After years of being ignored by advertisers, lambasted by the media and neglected by the American public, the National Hockey League has decided it wants to be recognized for something besides bench-clearing brawls and treacherous surnames.
So in a bid to shed its reputation as the poor cousin of professional sports leagues, the NHL is going on the offensive. It has hired Gary Bettman, who last week became the league's first commissioner after leaving his post as the No. 3 man at the National Basketball Association. It has awarded new franchises to marketing savvy companies Walt Disney and Blockbuster Entertainment in Anaheim, Calif., and Miami, respectively. (Expansion will increase the league's presence in the lucrative Sun Belt to five teams - two in Florida, three in California).
The league has also instituted rule changes this season that have reduced on-ice violence. It is working to end long-running boardroom disputes between the Canadian and American factions that have ruled the NHL since its inception 76 years ago. And it has hired Boston agency Arnold Fortuna Lawner & Cabot to develop an image campaign.
Those close to the league are optimistic these moves will be the start of something big - including broader television exposure. 'Only being a regional business in the past has hurt us with TV, yet now we're on the brink of gaining many new blue-chip advertisers and widely expanding our fan base,' says Steve Ryan, president of NHL Enterprises, the league's marketing and licensing division. 'While the other leagues have peaked or are in decline, hockey is hot. It's the sport of the '90s.'
Some marketers concur, but most believe the NHL still has a long way to go before it can assume that moniker. It remains the only 'major' league without a network television contract. It's also short on true media stars, especially when it comes to American players.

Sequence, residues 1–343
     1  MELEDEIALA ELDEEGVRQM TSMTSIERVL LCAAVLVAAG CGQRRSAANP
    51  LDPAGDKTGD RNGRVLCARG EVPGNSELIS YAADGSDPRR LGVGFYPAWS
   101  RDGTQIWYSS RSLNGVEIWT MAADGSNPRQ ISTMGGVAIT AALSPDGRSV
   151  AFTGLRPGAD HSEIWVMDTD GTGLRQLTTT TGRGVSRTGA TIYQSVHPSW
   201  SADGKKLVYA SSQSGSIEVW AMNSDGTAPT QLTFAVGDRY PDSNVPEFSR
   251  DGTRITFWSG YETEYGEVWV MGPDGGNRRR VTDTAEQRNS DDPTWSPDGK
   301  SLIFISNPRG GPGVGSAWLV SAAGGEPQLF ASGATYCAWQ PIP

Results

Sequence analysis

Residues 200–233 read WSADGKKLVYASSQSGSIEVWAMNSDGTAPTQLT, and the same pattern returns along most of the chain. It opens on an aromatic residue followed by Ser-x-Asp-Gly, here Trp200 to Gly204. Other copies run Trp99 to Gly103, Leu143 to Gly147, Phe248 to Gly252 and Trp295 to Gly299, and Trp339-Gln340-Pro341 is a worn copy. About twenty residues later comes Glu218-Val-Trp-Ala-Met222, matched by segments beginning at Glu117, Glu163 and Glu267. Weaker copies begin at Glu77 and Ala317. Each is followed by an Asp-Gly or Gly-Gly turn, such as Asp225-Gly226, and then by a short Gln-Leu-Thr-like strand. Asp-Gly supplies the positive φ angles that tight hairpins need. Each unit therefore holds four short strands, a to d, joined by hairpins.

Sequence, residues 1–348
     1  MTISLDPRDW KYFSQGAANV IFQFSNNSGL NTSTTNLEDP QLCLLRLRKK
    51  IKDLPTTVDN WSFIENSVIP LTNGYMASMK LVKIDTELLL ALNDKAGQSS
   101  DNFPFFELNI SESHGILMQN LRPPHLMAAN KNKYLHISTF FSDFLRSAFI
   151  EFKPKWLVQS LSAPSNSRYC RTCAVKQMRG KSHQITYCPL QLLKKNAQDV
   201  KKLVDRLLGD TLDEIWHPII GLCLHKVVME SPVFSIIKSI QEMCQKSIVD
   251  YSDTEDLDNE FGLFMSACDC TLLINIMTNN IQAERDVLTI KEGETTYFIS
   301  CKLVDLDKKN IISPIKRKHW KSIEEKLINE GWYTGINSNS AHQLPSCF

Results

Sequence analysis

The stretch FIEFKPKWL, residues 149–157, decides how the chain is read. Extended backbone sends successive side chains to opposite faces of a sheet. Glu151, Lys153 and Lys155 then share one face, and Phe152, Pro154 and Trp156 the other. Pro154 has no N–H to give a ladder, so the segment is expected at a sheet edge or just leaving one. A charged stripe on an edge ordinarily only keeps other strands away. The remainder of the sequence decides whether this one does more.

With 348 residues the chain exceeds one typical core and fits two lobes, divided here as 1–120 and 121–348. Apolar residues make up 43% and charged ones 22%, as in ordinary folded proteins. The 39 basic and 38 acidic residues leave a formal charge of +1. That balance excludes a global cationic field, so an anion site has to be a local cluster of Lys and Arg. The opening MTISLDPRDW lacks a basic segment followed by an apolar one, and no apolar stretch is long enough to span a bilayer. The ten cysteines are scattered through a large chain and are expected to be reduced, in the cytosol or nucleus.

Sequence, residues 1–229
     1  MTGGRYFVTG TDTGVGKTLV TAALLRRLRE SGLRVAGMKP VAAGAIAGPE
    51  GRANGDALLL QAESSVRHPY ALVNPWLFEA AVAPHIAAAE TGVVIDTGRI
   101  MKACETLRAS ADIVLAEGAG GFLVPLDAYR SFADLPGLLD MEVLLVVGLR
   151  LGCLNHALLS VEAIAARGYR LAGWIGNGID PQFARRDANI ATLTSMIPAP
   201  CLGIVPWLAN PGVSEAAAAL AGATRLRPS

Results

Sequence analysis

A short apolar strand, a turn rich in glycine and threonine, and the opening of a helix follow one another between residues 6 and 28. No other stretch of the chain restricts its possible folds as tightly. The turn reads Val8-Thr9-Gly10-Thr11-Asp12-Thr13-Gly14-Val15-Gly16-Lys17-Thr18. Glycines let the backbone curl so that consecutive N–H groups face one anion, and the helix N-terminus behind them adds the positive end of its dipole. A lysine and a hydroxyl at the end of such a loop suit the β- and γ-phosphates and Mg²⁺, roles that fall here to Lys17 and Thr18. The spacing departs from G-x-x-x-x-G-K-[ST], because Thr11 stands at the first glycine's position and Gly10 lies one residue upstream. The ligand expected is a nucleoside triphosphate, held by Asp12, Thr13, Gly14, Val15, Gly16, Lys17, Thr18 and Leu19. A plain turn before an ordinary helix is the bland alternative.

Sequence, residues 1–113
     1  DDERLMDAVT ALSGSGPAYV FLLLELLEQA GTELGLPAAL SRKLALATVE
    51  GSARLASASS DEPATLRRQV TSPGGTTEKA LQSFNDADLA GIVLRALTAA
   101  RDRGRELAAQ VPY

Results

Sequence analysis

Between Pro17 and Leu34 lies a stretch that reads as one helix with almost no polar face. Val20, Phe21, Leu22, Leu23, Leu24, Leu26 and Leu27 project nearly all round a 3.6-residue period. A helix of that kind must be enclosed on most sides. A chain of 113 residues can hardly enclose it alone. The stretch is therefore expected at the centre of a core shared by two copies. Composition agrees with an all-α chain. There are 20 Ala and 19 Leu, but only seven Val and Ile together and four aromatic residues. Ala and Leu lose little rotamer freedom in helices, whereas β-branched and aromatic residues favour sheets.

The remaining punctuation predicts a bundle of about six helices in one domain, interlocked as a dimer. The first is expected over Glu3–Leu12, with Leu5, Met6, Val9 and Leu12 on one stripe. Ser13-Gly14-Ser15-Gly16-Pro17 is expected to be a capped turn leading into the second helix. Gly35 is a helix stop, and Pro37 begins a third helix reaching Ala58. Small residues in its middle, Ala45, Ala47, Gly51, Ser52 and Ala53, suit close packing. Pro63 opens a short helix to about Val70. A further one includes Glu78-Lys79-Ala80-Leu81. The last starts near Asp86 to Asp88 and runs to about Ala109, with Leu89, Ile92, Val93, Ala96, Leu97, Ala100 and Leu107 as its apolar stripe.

'With players only on the ice one-third of the time, and never seen as youngsters, like basketball players are, it's impossible to form attachments with them,' insists sports marketing consultant Marty Blackman.
A case in point is the league's All-Star Game, televised last Saturday on NBC. The average sports fan would be hard-pressed to name more than a handful of the participants (the Los Angeles Kings' Wayne Gretzky is the league's only player with mainstream appeal). The NHL hopes to take a page from the NBA's star-system book, but of the most likely candidates, Brett Hull lacks charisma, Mario Lemieux is battling Hodgkin's disease and heralded rookie Eric Lindros has accumulated a truckload of negative publicity.
'We need to magnify our stars if we're going to boost our TV ratings,' says Skip Prince, the NHL's executive director of broadcast services. 'The sporting public (and the advertising community) loves a game through its players, and we just haven't done a good enough job on TV or elsewhere in showcasing our stars.'
Television could help solve the problem, but the league's performance in its first year back on ESPN has been dismal (a 0.9 average rating). Says Troy Miller, a marketing supervisor for athletic wear maker Starter, 'Hockey just hasn't caught on nationally, and the harsh reality might be that there aren't enough true hockey fans to support the game.'
Part of Bettman's mandate is to avoid repeating the league's marketing blunders. For instance, the NHL had a golden opportunity to capture advertisers and fans after the U.S. Olympic team's 'Miracle on Ice' in 1980. But, says Tony Andres, a media consultant who was the NHL's director of advertising in the 1970s, the provincial team owners 'just weren't concerned with national promotion.' Content with filling their own arenas, they sold TV rights to local cable outfits.
Bettman's primary mission is to get the league a network TV contract. To do that, he may need to clean up the game even further. 'Along with other advertisers, we're encouraging the league to be much tougher against the fighting,' says Steve Smith, director of media at American Express. 'The sport will become user-friendly if it cleans up the violence.'
He should get help in this area from progressive owners like the Kings' Bruce McNall. Blockbuster's Wayne Huizenga could also be a plus. But the biggest assist should come from Mickey Mouse. Disney gives the NHL instant identification with 'family entertainment' and a proven marketer in Michael Eisner.
Tom Staggs, Disney's director of corporate development, wouldn't comment on reports that the company brought a team to Anaheim to get the city's OK for the expansion of Disneyland. Regardless of motives, though, Disney has publicly lauded hockey's future. And if the imagineers believe, that alone may be enough to get the NHL off thin ice.
Ed Kiersh is a freelance writer based in New York.
Copyright Adweek L.P. (1993)